In 1917, Edward Clodd analyzed the mediumship of the trance medium Gladys Osborne Leonard and came to the conclusion that Leonard had known her séance sitters before she had held the séances, and could have easily obtained such information by natural means.[119] The British psychiatrist Charles Arthur Mercier wrote in his book Spiritualism and Sir Oliver Lodge (1917) that Oliver Lodge had been duped into believing mediumship by trickery and his spiritualist views were based on assumptions and not scientific evidence.[120]
In 1991, Wendy Grossman in the New Scientist criticized the parapsychologist Stephen E. Braude for ignoring evidence of fraud in mediumship. According to Grossman "[Braude] accuses sceptics of ignoring the evidence he believes is solid, but himself ignores evidence that does not suit him. If a medium was caught cheating on some occasions, he says, the rest of that medium's phenomena were still genuine." Grossman came to the conclusion that Braude did not do proper research on the subject and should study "the art of conjuring."[183]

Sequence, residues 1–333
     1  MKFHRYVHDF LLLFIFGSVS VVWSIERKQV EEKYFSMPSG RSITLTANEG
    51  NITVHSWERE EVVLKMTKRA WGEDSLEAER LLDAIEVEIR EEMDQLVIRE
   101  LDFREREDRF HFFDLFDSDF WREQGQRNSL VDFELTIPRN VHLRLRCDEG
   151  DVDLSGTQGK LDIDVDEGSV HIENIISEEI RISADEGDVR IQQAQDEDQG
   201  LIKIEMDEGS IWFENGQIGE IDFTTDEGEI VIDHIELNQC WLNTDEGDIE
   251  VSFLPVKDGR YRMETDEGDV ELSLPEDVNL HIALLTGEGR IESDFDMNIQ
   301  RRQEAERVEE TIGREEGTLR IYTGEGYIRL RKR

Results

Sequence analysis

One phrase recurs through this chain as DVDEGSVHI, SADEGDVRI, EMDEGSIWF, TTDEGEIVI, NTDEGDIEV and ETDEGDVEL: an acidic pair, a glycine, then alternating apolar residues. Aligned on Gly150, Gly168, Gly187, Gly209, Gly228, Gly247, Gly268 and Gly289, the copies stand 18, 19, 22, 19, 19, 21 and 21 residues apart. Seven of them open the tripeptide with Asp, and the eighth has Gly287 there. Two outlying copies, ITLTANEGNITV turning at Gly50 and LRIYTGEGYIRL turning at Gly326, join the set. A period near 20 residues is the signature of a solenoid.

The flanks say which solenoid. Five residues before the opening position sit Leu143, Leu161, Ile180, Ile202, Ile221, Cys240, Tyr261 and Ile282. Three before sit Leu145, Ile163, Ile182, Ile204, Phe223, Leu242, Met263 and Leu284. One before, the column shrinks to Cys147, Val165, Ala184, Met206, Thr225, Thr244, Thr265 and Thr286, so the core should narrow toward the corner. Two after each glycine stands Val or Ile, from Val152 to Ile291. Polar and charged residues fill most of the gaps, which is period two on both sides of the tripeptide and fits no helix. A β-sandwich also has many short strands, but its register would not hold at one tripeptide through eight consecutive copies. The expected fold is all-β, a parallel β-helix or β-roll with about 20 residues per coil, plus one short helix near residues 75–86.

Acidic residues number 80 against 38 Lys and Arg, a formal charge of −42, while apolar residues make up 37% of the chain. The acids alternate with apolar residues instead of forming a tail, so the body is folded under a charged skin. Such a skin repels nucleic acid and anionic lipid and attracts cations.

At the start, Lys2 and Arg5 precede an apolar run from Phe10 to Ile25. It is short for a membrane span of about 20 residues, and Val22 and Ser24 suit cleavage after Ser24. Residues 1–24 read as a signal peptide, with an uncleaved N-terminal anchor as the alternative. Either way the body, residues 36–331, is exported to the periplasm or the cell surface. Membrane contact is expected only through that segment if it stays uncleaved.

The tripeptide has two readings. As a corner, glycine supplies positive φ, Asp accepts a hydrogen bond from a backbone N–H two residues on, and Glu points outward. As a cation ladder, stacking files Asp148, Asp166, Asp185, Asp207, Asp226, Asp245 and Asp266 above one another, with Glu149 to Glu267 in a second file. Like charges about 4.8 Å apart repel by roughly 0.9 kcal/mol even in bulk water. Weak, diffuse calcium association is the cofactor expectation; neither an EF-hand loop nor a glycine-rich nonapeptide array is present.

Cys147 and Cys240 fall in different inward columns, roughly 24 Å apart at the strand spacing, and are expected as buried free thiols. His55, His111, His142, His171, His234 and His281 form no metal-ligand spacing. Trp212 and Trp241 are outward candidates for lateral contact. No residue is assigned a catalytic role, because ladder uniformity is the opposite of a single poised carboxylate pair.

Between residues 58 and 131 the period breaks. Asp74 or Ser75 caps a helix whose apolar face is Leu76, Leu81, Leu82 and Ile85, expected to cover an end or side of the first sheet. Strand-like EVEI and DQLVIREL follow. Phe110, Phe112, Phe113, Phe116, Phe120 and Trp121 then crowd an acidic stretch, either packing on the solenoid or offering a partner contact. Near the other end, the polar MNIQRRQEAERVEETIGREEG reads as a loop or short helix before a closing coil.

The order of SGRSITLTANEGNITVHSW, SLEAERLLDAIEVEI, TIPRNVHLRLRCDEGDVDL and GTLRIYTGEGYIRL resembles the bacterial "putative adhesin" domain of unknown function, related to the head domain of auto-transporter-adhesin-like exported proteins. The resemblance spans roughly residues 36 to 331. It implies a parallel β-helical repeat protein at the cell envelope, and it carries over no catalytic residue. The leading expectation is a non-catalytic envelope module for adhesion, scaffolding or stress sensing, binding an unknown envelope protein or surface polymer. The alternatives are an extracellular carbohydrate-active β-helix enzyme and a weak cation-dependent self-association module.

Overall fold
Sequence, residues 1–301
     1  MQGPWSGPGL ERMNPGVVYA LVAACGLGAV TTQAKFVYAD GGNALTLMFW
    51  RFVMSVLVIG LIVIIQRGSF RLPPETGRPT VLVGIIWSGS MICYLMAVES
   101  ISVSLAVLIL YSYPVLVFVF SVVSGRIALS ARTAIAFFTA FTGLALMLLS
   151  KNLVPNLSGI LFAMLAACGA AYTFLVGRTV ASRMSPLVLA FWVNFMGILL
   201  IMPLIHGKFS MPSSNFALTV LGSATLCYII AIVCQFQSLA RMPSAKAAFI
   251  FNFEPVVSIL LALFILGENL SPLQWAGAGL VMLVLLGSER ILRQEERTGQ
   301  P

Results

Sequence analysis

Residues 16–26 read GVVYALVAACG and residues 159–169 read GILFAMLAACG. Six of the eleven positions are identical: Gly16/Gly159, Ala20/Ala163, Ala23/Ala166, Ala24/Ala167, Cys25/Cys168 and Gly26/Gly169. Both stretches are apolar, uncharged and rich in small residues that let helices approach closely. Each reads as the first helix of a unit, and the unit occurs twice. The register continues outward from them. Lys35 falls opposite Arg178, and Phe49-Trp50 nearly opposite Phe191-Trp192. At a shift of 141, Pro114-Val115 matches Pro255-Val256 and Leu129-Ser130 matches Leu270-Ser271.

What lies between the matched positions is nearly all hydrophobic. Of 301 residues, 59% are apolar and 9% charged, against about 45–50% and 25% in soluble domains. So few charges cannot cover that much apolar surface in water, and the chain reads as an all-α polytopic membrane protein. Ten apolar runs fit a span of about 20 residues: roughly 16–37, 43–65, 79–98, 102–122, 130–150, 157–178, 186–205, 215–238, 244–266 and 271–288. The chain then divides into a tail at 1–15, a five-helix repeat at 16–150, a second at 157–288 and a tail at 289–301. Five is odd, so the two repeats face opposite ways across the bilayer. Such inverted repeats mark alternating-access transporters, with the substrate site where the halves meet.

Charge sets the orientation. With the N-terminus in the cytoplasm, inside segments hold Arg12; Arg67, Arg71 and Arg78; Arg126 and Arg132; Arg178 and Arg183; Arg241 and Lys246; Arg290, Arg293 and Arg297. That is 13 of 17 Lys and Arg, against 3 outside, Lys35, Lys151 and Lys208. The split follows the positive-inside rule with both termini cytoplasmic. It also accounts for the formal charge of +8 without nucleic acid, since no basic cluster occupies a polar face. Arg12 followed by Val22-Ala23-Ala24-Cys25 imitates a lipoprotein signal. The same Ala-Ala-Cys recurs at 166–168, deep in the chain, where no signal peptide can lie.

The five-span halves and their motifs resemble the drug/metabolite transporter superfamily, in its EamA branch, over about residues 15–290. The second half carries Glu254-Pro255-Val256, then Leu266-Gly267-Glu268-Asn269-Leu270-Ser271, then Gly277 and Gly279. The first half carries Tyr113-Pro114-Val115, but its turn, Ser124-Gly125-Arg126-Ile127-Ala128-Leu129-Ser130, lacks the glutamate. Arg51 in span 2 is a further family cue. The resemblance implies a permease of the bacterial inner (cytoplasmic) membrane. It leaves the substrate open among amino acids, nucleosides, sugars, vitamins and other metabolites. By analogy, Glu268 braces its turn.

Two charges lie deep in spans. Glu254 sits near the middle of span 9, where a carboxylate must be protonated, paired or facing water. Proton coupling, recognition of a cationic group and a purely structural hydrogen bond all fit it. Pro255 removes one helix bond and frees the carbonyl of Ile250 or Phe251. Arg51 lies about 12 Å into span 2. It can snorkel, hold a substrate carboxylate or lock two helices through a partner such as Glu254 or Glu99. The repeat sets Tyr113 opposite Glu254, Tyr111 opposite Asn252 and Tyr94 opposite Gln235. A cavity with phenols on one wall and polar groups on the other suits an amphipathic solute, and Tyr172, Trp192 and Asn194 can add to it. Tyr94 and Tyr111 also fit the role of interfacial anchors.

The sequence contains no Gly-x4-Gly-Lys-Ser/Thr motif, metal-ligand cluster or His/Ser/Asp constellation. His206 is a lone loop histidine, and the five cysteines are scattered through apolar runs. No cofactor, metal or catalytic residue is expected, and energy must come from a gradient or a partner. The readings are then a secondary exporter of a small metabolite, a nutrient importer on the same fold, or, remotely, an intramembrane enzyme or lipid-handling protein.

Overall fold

In 1910 at a séance in Grenoble, France the apport medium Charles Bailey produced two live birds in the séance room. Bailey was unaware that the dealer he had bought the birds from was present in the séance and he was exposed as a fraud.[114] The psychical researcher Eric Dingwall observed the medium Bert Reese in New York and claimed to have discovered his billet reading tricks.[115] The most detailed account at exposing his tricks (with diagrams) was by the magician Theodore Annemann.[116]

Senses used by mental mediums are sometimes defined differently from in other paranormal fields. A medium is said to have psychic abilities but not all psychics function as mediums. The term clairvoyance, for instance, may include seeing spirit and visions instilled by the spirit world. The Parapsychological Association defines "clairvoyance" as information derived directly from an external physical source.[37]